Whitey Herzog could easily have ducked a discussion of the designated hitter rule, since the idea of having an extra hitter in the lineup in place of the pitcher is strictly an American League creation. The outspoken manager of the St. Louis Cardinals isn't one to sidestep issues, however, even if his views go against National League tradition. ``Basically I like the designated hitter because it gives the fans a lot more offense and that's what most people pay their money to see,'' explained Herzog, who formerly managed Kansas City in the American League and thus has seen both sides of the coin firsthand.
``On the other hand,'' he said, ``it wouldn't bother me if they cut out the DH entirely. What I don't like is that one league has it and the other doesn't. Either they should both have it or nobody should have it.
``But I can tell you why baseball is dragging its feet on the designated hitter: It's because too many teams have their DHs signed through 1988 and getting rid of that rule now would be hitting American League club owners with a tremendous financial burden.''
There's no question that the DH increases offensive production to some extent; statistics show that AL teams outscore their NL counterparts by an average of 60 to 80 runs a season. But critics of the rule claim that it cuts down on the strategy aspects of the game.
Asked about this objection, Herzog replied: ``Well, as far as changing pitchers is concerned, a manager can stay with his original starter longer if he's going well. He doesn't have to use his bullpen as much, so he has fewer chances to make a mistake.
``The DH also opens up some areas offensively that aren't available when you have a pitcher in your batting lineup. For example, now you can hit-and-run all up and down your batting order. You can afford to put your power at the top of your lineup and your speed at the bottom; even bat your three best hitters one-two-three if you want to get them up more times. It can make things easier for an older pitcher, too, because now he never has to run the bases.''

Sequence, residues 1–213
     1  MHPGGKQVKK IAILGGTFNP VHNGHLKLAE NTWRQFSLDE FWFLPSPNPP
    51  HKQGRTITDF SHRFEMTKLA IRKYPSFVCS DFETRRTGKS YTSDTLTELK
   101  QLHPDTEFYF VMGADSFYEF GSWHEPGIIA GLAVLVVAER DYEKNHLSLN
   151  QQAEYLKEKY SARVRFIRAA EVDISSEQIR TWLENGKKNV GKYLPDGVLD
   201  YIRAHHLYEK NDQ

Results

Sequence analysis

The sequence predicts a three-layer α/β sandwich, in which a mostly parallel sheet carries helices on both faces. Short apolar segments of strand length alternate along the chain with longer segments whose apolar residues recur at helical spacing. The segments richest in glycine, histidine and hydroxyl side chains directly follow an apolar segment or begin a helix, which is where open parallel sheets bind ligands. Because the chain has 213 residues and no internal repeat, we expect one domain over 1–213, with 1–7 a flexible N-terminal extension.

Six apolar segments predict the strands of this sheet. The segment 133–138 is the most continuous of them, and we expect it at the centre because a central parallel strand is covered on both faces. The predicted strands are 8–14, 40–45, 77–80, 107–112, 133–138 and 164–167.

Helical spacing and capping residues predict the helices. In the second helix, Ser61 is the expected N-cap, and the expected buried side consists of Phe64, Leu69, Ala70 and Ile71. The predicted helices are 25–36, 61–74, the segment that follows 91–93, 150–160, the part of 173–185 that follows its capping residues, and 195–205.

On another subject, Herzog thinks it is time baseball ditched the present system of having separate umpires for each league and put them all under one umbrella.
``Then the standards would be the same for everybody and you'd have major league umpires in the World Series instead of part American and part National League crews,'' he pointed out.
Whitey would also like to put the World Series in a neutral site each year -- either a city with a domed stadium or one where the weather isn't apt to be a problem.
``My idea would be to play the first four games without a break, take one day off, then continue until it's over,'' he said. ``That way teams would need depth in their pitching staffs, just as they do all year. You can't win in the regular season without a fourth starter, so you should have to use one in the World Series, too.''
One argument against a neutral site is that the fans in the winning cities wouldn't get to see their teams in person, but Herzog thinks this objection is unrealistic.
``Unless you're a season ticketholder, you're not going to get in anyway,'' he said. ``The politicians and the big shots somehow always get those [the remaining] tickets.
``I think most fans would be satisfied with watching the World Series on TV if they could always count on having the playoffs in their home park. And with the participants and the media all in one place for the Series, it would be almost like the Olympics.'' Gooden adds to repertoire
Be it ever so humble, Dwight Gooden, the New York Mets' fireballing right-hander, has added a change-up to his list of pitches. Confirmation came from all-star catcher Gary Carter, who says the 1985 Cy Young Award winner began to work on the pitch in spring training at the request of pitching coach Mel Stottlemyre.
``It's strictly a fun pitch for Gooden,'' the veteran Mets' backstop told me. ``I don't even know why Dwight bothers with it, because with his speed he isn't going to need to finesse hitters for another 10 years. So far I can't remember him throwing the change-up more than twice in any game this year, and then only when he was way ahead in the score. It's like his slider, which isn't much more than a waste pitch. When you've got two fastballs that jump around the way his do, plus a great curve, it's probably not wise to do too much experimenting.''
Gooden started out this spring where he had left off last fall, going 5-0 over the first month or so, but then struggled for a while as he lost twice and had one no-decision. He got back on track Wednesday night, however, tossing a 5-hitter to beat Los Angeles 4-2 and help the Mets boost their lead to 5 games in the NL East. Elsewhere in the majors
Pitcher Tom Seaver of the Chicago White Sox said it: ``There are only two places in the American League; first place and no place!''
Pitcher Don Sutton of the California Angels is a vintage car buff. When Sutton sold his 1955 two-door coral and sand Chevrolet, he replaced it with a 1955 Ford Crown Victoria. Don also has a 1962 Bentley with just 32,000 original miles on its odometer.